Can Uncle Sam Cut Gas Costs?

Nearly two dozen governors asked Congress to hold hearings and investigate the recent surge in gasoline prices. The Connecticut congressional delegation requested the Government Accountability Office (GAO) to investigate. Congress held hearings and legislators proposed price gouging legislation. The House voted to give the government permission to sue OPEC over its production quotas, arguing that the cartel uses them to set the price of oil.

But with gas prices at record highs, is there anything that the government can do to help lower the cost of gasoline?

The ABC News Business Unit spoke with several energy economists and analysts and asked them to comment on proposals often mentioned.

What if the government were to standardize the types of gasoline refined in the United States?

Michelle Foss, chief energy economist at the bureau of Economic Geology at the University of Texas in Austin, said this could lower prices. "If everyone had the same rules in place, it would lower the cost of correcting imbalances and make it easier for suppliers to adjust because demand is not the same in all parts of U.S."

"It would help," agreed Severin Borenstein, director of the University of California Energy, "but it would not fundamentally change it. It would reduce localized extreme priced spikes. But overall increases nationally would not be changed." He added that if the nation decided to go for lower standards and allow for dirtier gasoline, then prices might drop further.

Jerry Taylor, a senior fellow who studies energy policy at the CATO Institute, also said this could lower prices, but added, "Multiplicity of blends is not the reason why we've got high gasoline prices today. It is a very modest factor in terms of price." He also said that certain states and cities have specialized fuels for specific reasons, such as improving air quality.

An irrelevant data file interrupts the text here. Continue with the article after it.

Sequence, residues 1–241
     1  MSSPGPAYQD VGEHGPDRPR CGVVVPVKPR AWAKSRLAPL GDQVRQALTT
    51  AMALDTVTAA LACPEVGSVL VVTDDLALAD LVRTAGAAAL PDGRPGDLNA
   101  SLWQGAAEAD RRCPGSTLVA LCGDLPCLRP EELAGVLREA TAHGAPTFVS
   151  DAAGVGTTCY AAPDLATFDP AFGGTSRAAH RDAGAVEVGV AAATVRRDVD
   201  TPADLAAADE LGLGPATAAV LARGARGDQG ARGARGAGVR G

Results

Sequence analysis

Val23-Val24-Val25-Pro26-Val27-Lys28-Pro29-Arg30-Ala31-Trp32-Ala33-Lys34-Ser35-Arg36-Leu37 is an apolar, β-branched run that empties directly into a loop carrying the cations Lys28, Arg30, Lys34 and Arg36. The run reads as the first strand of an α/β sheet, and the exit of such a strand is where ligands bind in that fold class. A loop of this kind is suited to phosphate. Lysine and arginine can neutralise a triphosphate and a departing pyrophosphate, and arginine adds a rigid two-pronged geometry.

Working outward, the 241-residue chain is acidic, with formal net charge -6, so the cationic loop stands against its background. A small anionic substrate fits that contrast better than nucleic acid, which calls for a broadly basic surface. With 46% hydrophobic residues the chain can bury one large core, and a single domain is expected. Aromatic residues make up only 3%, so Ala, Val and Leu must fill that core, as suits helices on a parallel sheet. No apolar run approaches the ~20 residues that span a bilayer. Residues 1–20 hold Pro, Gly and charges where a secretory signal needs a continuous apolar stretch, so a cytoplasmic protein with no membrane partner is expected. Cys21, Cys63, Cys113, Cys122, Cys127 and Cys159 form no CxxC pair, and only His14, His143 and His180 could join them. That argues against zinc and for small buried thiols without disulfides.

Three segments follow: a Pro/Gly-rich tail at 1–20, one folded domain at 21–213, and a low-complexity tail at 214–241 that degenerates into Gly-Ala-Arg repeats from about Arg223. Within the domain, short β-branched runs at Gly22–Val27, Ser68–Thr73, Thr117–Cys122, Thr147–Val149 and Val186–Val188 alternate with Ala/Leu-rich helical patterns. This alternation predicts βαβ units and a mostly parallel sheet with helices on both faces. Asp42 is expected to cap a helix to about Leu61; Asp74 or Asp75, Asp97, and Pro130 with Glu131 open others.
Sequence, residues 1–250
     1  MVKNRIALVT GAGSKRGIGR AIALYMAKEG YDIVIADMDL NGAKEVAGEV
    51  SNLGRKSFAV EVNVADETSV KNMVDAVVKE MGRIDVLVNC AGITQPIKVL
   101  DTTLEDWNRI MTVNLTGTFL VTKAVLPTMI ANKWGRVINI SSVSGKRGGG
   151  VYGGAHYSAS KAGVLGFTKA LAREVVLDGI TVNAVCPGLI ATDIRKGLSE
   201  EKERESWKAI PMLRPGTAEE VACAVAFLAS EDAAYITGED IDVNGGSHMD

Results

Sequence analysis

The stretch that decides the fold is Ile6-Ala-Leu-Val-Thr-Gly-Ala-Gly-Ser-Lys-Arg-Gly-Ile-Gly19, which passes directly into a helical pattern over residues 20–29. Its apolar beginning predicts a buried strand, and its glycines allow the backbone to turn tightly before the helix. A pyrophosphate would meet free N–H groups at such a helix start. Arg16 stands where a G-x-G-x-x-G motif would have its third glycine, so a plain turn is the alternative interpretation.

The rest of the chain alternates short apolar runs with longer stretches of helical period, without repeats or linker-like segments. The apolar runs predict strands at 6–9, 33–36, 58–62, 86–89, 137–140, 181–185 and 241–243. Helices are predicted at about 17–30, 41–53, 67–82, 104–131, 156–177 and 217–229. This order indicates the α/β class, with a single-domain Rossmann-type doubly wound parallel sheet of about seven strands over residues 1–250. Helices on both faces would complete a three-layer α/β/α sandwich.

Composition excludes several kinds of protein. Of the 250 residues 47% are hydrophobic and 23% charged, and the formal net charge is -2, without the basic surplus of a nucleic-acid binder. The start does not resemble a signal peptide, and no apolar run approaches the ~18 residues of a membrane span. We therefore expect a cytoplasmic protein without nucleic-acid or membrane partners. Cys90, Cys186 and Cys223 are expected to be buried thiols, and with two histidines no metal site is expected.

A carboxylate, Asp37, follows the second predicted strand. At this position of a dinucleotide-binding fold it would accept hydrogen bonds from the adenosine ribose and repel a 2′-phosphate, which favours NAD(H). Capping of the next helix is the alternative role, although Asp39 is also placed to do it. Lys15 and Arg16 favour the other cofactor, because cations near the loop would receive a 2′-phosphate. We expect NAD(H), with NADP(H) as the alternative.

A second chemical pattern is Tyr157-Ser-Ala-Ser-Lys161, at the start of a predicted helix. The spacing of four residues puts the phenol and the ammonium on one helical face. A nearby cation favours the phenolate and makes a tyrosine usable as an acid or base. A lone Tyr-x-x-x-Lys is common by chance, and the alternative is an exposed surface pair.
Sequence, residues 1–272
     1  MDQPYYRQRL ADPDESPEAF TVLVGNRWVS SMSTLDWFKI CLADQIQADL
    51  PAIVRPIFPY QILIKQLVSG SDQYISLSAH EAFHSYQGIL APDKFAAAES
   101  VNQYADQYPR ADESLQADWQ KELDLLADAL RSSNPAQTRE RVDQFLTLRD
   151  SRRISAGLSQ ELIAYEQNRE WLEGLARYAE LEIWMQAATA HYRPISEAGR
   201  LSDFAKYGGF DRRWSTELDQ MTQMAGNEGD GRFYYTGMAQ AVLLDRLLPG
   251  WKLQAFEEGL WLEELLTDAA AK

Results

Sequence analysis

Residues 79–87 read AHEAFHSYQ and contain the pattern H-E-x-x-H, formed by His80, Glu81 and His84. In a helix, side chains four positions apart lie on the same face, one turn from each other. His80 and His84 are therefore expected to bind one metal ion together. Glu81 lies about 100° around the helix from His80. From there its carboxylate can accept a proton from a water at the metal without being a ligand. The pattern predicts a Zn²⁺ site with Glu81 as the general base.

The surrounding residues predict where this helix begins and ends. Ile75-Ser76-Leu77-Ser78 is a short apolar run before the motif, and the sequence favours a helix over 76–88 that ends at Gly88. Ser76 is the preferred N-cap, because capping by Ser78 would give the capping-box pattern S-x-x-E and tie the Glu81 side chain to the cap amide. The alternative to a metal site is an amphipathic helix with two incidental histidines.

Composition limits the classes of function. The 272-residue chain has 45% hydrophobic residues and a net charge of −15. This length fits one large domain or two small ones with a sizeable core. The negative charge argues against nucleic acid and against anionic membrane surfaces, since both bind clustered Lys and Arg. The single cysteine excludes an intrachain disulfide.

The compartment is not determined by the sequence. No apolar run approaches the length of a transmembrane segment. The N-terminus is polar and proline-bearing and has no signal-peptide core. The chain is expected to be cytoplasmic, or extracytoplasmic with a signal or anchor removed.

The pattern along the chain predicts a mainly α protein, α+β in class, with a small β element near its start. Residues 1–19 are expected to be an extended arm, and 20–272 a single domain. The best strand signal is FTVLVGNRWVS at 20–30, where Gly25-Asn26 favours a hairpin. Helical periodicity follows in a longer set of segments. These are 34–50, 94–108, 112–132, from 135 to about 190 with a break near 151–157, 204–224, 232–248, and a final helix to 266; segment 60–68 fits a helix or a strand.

If oil companies could drill for oil in the Arctic National Wildlife Refuge or in more places offshore, would that lower prices?

More domestic drilling would not help prices in the short term according to the economists and analysts. "Anything developed in terms of new resources," said Foss, "has a longer term impact and is vital and is still important."

If drilling started today in Alaska, it could be six to eight years before any oil would be available for use. Taylor with the CATO Institute said, "Opening up the Arctic National Wildlife Refuge is probably not going to have much impact on prices even in the future. World crude oil prices are established by global supply and demand, not national supply and demand."

Taylor added, "This is not argument against drilling, but it's an argument about not overselling or overpromising what drilling can yield to consumer."

Furthermore, Taylor and Borenstein pointed out that an oil field such as one in northern Alaska might increase daily crude oil supplies by only 1 percent.

"You cannot drill way out of high oil prices in the North American continent," said Borenstein. "There just isn't any oil that can have significant effect."

Some state legislators in Texas want to lift gasoline taxes during the summer. Will lowering taxes lower gasoline prices?

Lowering or removing state and federal gasoline taxes which add 45 cents to the price of a gallon of gasoline could actually increase prices and send even more money to oil companies.

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